Nothing gets the hackles up in mountain towns quite as quickly these days as broaching the Hidden Gems wilderness proposal. Just bringing up the concept is enough to turn a cocktail party into a tea party on wheels.
A coalition of conservationists, fans of lower impact forms of outdoor recreation and high-country residents interested in preserving more of the national forest around them has banded together to advocate for up to 342,000 additional acres of wilderness in Colorado.
Off-road vehicle enthusiasts, mountain bikers and supporters of some of the extractive industries on public lands, such as mining, oil and gas and logging interests, have rallied to try to defeat the proposal, which is being weighed by U.S. Rep. Jared Polis, D-Boulder, for possible sponsorship in the next session of Congress.
The Vail Town Council will jump into the fray Tuesday when it considers approving a resolution of support for Hidden Gems, which could create 14 additional stand-alone wilderness areas and expand 26 others in the White River and Gunnison national forests. Eagle, Summit, Gunnison and Pitkin counties are the most impacted.
“As drafted, Resolution No. 21 states the Town Council’s support for expansions to the existing Eagle’s Nest and Holy Cross Wilderness areas in the vicinity of the town, and in areas in which the town has shown great interest in the past,” Vail officials said in a release Friday, adding the resolution was only drafted after boundary adjustments were made to address wildfire concerns by the Vail Fire Department.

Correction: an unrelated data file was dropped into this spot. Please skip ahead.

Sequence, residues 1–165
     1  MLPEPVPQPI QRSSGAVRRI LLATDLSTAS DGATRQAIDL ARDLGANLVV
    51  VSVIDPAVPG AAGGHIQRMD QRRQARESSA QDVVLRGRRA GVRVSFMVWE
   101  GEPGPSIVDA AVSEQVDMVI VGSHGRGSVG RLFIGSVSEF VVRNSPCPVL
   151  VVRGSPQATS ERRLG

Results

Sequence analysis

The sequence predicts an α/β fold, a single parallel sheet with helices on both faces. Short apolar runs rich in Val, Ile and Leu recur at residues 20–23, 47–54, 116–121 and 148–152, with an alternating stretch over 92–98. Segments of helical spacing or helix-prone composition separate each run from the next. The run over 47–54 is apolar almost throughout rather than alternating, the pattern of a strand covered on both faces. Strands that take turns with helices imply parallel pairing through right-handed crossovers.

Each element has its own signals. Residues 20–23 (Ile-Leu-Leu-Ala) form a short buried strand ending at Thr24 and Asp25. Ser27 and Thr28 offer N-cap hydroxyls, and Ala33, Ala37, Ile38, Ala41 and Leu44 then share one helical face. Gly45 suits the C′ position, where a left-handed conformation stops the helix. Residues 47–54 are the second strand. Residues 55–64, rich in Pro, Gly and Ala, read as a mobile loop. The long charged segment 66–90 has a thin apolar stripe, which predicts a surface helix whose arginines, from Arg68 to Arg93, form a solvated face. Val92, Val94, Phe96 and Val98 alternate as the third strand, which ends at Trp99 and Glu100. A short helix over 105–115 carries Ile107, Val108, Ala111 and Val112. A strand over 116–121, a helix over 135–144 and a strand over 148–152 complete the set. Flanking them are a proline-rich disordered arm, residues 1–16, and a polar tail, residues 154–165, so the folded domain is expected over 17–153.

“The resolution also urges Colorado’s congressional delegation to approve the wilderness designation in those areas in as timely a fashion as possible to leave a balanced public lands legacy to future generations and as a showcase of the town’s present stewardship,” the town statement read.
“Balanced public lands legacy” is code in some circles for the Obama administration continuing its takeover of the world, including the right to ride ATVs, snowmobiles and mountain bikes in the national forest. Activities in wilderness areas are restricted to hiking, camping, hunting, fishing, kayaking, rafting, snowshoeing, cross-country skiing and horseback riding. In other words, no motorized vehicles – and no industrial activity.
That suits longtime Vail resident Dave Gorsuch just fine. He put his name on a new ad campaign by the Pew Environmental Group that’s running on The New York Times website and in other major national publications.
“Born to a mining family, I grew up a ski racer, and now I’m a businessman and rancher,” reads the copy attributed to Gorsuch, who’s owner of the Gorsuch Ltd. retail stores in Vail and Aspen. “If we want to protect our economic future, we must maintain the beauty, clean air, forests and wildlife habitat we have left. I want my grandchildren and their grandchildren to experience these mountains as I have.”
But for members of the White River Forest Alliance, vehicle access does not equate to environmental destruction.
“Have any of you ever driven to a high country lake to go fishing, taken an ATV up a mountain road, gone snowmobiling in the White River or Gunnison National Forest?” asks the group’s website. “How would you feel if a group of well-organized people with deep pockets legally locked you out of our public lands and took away your access? That is exactly what they are trying to do.”
Polis, who represents the district that includes says he just wants to sort through rhetoric on both sides of the issue.
“Undoubtedly and unfortunately, extreme points of view will enter this discussion, but we must all work together to put passions aside and stick to the facts,” Polis wrote in a letter to constituents.